A tea party regular on the letters page in our local paper wrote a scathing rebuke to liberals who use generous welfare benefits to keep the poor dependent on government handouts, thus buying their votes. The best way to help the poor, she believes, is to cut jobless benefits and other welfare programs so that the poor would be free to enter the labor market and make it on their own.
I remember that argument from my high school days in the 1950s, along with a popular pamphlet about the danger of creeping socialism that would surely lead to Soviet style communism. And my memory is predated a couple of decades by claims in the 1930s that the same was true about various FDR programs aimed at easing the effects of the Great Depression. Fear more than facts.
I would like to say that such claims are without merit of any kind, but, sadly, there is a smidgen of truth in them, a smidgen being some but not much. Among a few well meaning persons, the desire to help the poor is prefaced by an assumption that they cannot help themselves without our benevolent support. It’s a type of patronizing colonialism, with the poor playing the part of uncivilized childlike people who need our care and supervision. It is also true that some persons, who live on a variety of government assistance programs and private charity, have mastered the art of survival in that context, but have no knowledge, skill, or expectation that survival is possible in any other context. It’s not a life of ease. It takes constant vigilance, an ability to maneuver through a Byzantine maze of regulations, and a keen eye for the gentle scam that might bring in a few more dollars. For all of that, it’s survival, not abundance. Well, that’s not entirely true. For certain hedge fund managers, and their kin, manipulating the system and scamming the public has made them billionaires, but that’s another story.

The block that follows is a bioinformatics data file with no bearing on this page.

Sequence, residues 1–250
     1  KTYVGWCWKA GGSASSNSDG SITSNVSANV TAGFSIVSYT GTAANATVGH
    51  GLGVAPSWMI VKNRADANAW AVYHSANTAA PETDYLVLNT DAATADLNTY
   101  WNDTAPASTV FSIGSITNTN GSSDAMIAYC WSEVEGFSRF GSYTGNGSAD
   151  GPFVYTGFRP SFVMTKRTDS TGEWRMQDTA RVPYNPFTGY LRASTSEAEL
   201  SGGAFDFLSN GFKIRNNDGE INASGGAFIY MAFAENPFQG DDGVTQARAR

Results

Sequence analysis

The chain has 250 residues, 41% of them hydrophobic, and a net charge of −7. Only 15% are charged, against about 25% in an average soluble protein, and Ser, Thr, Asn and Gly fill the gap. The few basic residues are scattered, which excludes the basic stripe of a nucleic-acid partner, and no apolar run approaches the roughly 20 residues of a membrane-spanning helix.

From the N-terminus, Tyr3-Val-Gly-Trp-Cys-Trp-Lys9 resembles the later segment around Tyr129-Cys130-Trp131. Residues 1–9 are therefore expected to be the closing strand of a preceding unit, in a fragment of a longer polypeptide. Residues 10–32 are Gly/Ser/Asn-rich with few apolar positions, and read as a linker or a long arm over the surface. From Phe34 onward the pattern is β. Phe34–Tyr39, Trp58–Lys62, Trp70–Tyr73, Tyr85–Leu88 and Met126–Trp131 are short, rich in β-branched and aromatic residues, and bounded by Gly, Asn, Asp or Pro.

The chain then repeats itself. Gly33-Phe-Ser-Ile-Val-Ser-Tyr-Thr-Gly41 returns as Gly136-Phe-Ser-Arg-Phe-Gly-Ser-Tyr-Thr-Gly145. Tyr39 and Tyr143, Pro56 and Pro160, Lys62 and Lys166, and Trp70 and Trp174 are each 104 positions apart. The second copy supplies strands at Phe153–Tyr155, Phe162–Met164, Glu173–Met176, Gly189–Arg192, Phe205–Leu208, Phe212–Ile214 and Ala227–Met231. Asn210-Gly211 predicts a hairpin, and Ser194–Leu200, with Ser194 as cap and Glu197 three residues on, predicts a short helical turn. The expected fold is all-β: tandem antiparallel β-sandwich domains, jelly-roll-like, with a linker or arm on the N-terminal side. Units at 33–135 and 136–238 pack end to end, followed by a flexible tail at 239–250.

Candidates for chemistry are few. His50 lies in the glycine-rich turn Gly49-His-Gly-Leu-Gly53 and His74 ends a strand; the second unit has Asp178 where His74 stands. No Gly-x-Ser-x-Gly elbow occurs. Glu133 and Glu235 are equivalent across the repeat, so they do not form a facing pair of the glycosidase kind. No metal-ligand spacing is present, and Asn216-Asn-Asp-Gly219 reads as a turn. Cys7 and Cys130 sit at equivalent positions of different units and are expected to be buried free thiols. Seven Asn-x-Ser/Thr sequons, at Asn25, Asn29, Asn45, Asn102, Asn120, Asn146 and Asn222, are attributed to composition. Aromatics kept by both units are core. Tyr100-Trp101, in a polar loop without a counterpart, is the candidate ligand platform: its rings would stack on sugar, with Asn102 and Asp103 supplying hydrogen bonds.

The greater truth lies elsewhere. Our regular letter writing tea partier and patronizing liberals each dismiss the poor with more than a little racism underwriting their beliefs and behavior. Our letter writer at least cherishes the illusion that a fair and equitable market offers opportunity for anyone who is willing to work hard enough. Some of her fellow travelers are better informed, and know that a large portion of the population will sink to the bottom, forming a permanent impoverished underclass to provide cheap labor for those who float above them. That’s the way of life, and good for those who are higher on the food chain. Government handouts just mess up the natural order of things, costing us money we don’t need to spend.
At the same time, well meaning liberals spend so much time trying to save, or expand, the social safety nets provided by governments and private charities that they fail to focus on the need for systemic reforms to make the market place more fair and equitable, and to open doors that have been culturally shut against access for others. They need to stop their patronizing, pandering ways and recognize that the poor are quite capable of functioning as mature adults in an adult world.
I’d like to think it would be easy, if we would just bend to the task, but it isn’t. Our social prejudices are firmly held and hard to let go of. Moreover, why should the poor trust the rich? They are notoriously unreliable.